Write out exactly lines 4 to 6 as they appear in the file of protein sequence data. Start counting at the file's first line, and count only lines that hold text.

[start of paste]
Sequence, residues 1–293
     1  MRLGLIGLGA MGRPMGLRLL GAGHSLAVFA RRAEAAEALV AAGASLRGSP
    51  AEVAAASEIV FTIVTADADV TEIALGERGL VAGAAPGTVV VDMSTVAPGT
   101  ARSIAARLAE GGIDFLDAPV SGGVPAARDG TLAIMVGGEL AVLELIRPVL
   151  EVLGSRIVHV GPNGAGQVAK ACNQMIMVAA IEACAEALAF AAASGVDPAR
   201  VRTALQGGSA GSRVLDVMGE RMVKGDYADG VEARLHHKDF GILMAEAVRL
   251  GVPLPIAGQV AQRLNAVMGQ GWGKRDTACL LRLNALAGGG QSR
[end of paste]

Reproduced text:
   101  ARSIAARLAE GGIDFLDAPV SGGVPAARDG TLAIMVGGEL AVLELIRPVL
   151  EVLGSRIVHV GPNGAGQVAK ACNQMIMVAA IEACAEALAF AAASGVDPAR
   201  VRTALQGGSA GSRVLDVMGE RMVKGDYADG VEARLHHKDF GILMAEAVRL